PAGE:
Over the years, most of my running friends have made the jump from shorter distances to ultramarathons. My group of friends (mostly Facebook-based) has even developed a bit of a reputation of ignoring conventional wisdom and jumping into ultras head-first. As soon as one finishes their first, they immediately join me in coaxing the rest of our friends to make the same jump.
The discussions that ensue are fascinating. All of the people that have made the jump encourage others to join the fray. A handful of people offer counter-points. Invariably, almost everyone chooses to take the plunge.
Most of the runners attempting their first ultra aren’t serious runners that have trained at a high level for years and years. Conventional wisdom says we have no business dabbling in the world of exceedingly long distance running. They tell us we should start with a reasonable distance and slowly work our way up as we master each and every distance along the way. Yet we ignore that conventional wisdom and just go for it.
Facing the prospect of running your first ultra is scary as Hell; self-doubt alone can be paralyzing. It’s easy to create a million reasons why we can’t do it. We can convince ourselves we’re not fast enough, we don’t have the time to train, or we don’t have the mental fortitude to get us through the race. Yet we overcome the self-doubt and just go for it.
So why do some people take the plunge while others do not?
I’m convinced there are two types of people in this world. The willingness to attempt an ultra can be used to divide these two types of people. So what are they?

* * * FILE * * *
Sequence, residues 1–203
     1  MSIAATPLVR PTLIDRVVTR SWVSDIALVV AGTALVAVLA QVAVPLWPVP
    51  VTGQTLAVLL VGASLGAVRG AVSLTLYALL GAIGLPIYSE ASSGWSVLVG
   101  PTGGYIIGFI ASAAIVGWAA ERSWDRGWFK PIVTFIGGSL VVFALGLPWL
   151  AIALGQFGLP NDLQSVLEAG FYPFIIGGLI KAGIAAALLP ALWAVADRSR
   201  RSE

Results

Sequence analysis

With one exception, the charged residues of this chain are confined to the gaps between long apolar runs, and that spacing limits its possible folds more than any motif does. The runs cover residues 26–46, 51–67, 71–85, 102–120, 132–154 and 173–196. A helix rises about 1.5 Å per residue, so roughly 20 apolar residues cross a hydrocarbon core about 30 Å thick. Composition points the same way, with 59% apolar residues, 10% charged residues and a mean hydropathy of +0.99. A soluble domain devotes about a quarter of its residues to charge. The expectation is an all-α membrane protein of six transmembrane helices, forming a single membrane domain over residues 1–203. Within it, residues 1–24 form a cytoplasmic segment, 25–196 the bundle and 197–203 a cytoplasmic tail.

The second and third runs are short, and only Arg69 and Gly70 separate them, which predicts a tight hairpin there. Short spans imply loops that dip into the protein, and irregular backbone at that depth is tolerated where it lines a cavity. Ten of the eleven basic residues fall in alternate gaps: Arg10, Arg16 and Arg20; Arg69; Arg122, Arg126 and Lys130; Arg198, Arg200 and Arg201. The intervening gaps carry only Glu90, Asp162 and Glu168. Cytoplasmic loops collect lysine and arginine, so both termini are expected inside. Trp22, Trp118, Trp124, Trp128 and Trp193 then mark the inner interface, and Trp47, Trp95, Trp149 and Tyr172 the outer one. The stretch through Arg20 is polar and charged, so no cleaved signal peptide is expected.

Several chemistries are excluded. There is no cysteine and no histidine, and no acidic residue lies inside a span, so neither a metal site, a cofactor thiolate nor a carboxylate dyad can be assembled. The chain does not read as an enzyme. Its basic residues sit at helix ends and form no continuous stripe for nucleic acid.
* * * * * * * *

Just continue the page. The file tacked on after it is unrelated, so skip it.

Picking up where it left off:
- Those that do not try: This group does what society tells them to do. They conform. Their self-worth is tied to external validation. They generally avoid all forms of risk, especially if the risk is tied to social validation. This group is often uses logic and reason as an excuse to avoid risky situations.
- Those that do try: This group generally rejects societal expectations. Their self-worth is tied to their internal drives. They welcome risk even if it may lead to them looking foolish. This group acknowledges ideas may be stupid and make no sense whatsoever, but they do it anyway.
Interestingly, the vast majority of the people that follow this blog seem to fit in the latter category. It’s not surprising that so many of my friends have made the plunge into the world of ultras. It’s also not surprising so many have made plans to run their first ultra this year. Or run a longer ultra. Or a more difficult ultra.
They’re intentionally seeking out seemingly impossible challenges. They’re ignoring the voices, both external and internal, that tells them they can’t do it. They’re intentionally seeking out awesome experiences. Group #2 definitely has a lot more fun.
So how do you get from group 1 to group 2?
Over the last few years, both Shelly and I have done stuff that was scary as Hell. Not only have we tackled a fair number of ultras, we’ve quit our jobs, hit the road full-time, and started homeschooling our children. How did we do it?
I wish I had some secret formula, but I don’t. I use a deceptively simple process- I commit. Then I do it.
When those voices of doubt arise, either from others or in my own head, I ignore them. If I can’t ignore them, I distract myself. Sometimes the anxiety can be crushing, but I persevere. I know the anxiety isn’t the kind that indicates a life and death danger. It’s the kind that assures I’d lead a safe, predictable, boring life. It’s the kind of anxiety that prevents awesome experiences.
Many of my friends have repeatedly proven it’s possible to run an ultra against all odds. They’ve moved from group 1 to group 2. In the process, they’ve become advocates of biting off more than they can supposedly chew. They all tell the same story: “If I can do it, anyone can.”
What about you? I know many of you have taken on challenges that were seemingly impossible. Some are related to ultras. Others are related to other critical life decisions. Tell the rest of us about them in the comments section. Also talk about how you overcame the doubt, both your own and doubt expressed by others.